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World Bank Adjusts Somalia's Economic Growth Forecast Amid External Shocks

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Nasiru Eneji Abdulrasheed
New Update
World Bank Adjusts Somalia's Economic Growth Forecast Amid External Shocks

The World Bank has scaled back its economic growth projection for Somalia in 2023 to 2.8%, a significant dip from the initial forecast of 3.6%. This downward adjustment stems from the country's susceptibility to external shocks, prominently its overdependence on international trade and financing, minimal economic diversification, and vulnerability to natural disasters. Despite these hurdles, Somalia's economic growth is poised to rebound, with predictions of a gradual rise to 3.7% and 3.9% in 2024 and 2025, respectively.

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Recovery efforts in Somalia continue to be hampered by the lingering effects of previous shocks, including drought, the disruption of grain supplies from Ukraine, and the global pandemic. The compounded impact of these events has aggravated poverty levels and triggered cost-of-living surges in the country. However, on the brighter side, Somalia's consistent commitment to reforms aimed at strengthening its economic institutions and promoting recovery offers a glimmer of hope.

Joining the East African Community

In a move signaling renewed regional integration, Somalia was admitted into the East African Community (EAC) on November 23. This development, marking the end of years of civil unrest and isolation, presents a significant opportunity for Somalia to rebuild its connections with regional and global partners. Somalia's inclusion is expected to be mutually beneficial, offering the EAC access to Somalia's longest-in-Africa coastline and abundant blue economy resources, while Somalia stands to gain from the EAC's extensive road, rail, and energy networks.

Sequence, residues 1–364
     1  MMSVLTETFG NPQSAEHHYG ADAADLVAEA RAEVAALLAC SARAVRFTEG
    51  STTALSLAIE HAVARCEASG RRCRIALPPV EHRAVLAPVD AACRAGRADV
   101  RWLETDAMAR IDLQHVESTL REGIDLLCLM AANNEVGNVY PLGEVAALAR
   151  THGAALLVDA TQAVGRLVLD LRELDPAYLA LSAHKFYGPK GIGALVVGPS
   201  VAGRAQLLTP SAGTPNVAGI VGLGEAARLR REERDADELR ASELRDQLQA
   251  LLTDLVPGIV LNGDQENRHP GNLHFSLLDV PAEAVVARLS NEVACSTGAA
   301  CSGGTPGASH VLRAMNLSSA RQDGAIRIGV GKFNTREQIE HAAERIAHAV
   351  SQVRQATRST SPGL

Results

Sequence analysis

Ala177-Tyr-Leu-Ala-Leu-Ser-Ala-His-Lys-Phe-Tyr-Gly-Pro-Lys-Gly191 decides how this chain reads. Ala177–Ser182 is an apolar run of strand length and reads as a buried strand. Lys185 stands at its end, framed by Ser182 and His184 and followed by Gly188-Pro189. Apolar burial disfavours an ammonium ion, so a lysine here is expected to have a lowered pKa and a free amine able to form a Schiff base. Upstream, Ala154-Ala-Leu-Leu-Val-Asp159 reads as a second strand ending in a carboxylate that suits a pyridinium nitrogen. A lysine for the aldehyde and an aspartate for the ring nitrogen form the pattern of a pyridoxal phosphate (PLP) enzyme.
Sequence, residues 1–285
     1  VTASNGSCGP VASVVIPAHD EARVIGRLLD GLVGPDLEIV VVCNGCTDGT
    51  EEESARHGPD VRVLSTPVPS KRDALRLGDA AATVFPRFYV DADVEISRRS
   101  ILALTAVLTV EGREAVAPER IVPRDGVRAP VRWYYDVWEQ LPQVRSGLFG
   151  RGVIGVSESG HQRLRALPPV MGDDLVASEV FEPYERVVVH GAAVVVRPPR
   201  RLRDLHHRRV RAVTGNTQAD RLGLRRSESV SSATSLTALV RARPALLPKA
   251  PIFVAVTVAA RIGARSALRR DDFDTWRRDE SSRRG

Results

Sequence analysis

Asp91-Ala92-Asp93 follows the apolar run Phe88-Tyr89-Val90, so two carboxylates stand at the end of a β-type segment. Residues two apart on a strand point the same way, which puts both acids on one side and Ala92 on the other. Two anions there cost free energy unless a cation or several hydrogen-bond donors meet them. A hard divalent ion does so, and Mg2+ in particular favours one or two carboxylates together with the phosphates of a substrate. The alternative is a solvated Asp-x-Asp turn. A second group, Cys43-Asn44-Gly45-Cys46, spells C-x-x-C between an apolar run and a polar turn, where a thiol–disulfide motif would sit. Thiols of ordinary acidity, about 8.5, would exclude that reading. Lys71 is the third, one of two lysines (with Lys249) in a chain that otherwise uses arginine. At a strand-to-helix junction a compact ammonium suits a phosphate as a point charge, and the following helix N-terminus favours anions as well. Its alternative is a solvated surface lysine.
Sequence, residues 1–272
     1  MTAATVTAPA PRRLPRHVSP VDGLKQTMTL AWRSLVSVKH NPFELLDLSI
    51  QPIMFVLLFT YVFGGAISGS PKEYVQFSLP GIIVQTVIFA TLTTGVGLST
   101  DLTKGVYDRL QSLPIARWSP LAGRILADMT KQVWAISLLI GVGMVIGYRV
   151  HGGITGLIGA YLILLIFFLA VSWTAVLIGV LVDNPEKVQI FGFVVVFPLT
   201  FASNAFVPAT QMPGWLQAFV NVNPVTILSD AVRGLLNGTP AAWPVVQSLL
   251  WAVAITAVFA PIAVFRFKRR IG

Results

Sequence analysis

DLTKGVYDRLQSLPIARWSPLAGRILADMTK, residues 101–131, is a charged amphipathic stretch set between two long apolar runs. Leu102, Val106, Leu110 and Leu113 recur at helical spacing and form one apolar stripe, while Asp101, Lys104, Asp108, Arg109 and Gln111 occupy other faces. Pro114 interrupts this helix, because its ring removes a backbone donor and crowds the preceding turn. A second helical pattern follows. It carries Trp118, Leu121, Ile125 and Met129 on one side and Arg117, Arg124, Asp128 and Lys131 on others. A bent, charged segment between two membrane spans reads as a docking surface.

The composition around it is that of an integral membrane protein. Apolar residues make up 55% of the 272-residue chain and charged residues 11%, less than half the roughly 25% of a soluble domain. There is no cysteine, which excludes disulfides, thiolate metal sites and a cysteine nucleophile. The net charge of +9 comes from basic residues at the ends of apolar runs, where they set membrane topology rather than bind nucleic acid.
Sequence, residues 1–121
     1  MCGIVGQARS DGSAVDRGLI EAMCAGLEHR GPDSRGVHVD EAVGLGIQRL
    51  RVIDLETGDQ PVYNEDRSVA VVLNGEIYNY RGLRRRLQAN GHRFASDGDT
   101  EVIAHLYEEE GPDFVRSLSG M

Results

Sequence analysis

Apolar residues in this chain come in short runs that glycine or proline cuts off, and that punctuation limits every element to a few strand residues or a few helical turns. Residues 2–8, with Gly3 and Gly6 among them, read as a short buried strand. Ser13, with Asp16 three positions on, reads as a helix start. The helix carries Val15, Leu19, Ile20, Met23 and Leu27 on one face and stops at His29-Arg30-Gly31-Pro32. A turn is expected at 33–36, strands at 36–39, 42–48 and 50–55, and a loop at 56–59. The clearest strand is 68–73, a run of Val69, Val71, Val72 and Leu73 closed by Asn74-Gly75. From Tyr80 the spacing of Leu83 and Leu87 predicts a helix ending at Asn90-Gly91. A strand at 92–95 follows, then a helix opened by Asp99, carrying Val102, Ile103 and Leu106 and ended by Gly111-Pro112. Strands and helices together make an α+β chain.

Despite the harsh shocks that have assailed its economy, Somalia has remained steadfast on its path of economic reform. The World Bank acknowledges Somalia's progress toward meeting the conditions for the High Indebted Poor Countries (HIPC) Completion Point by December 2023. The country's public finances have shown improvement, with domestic revenues surpassing pre-COVID levels since 2022. This upward trend has enabled a shift in government expenditure toward social welfare and regional grants. The continued commitment to economic reforms and investments in human capital is critical for attracting foreign investment and boosting economic growth.

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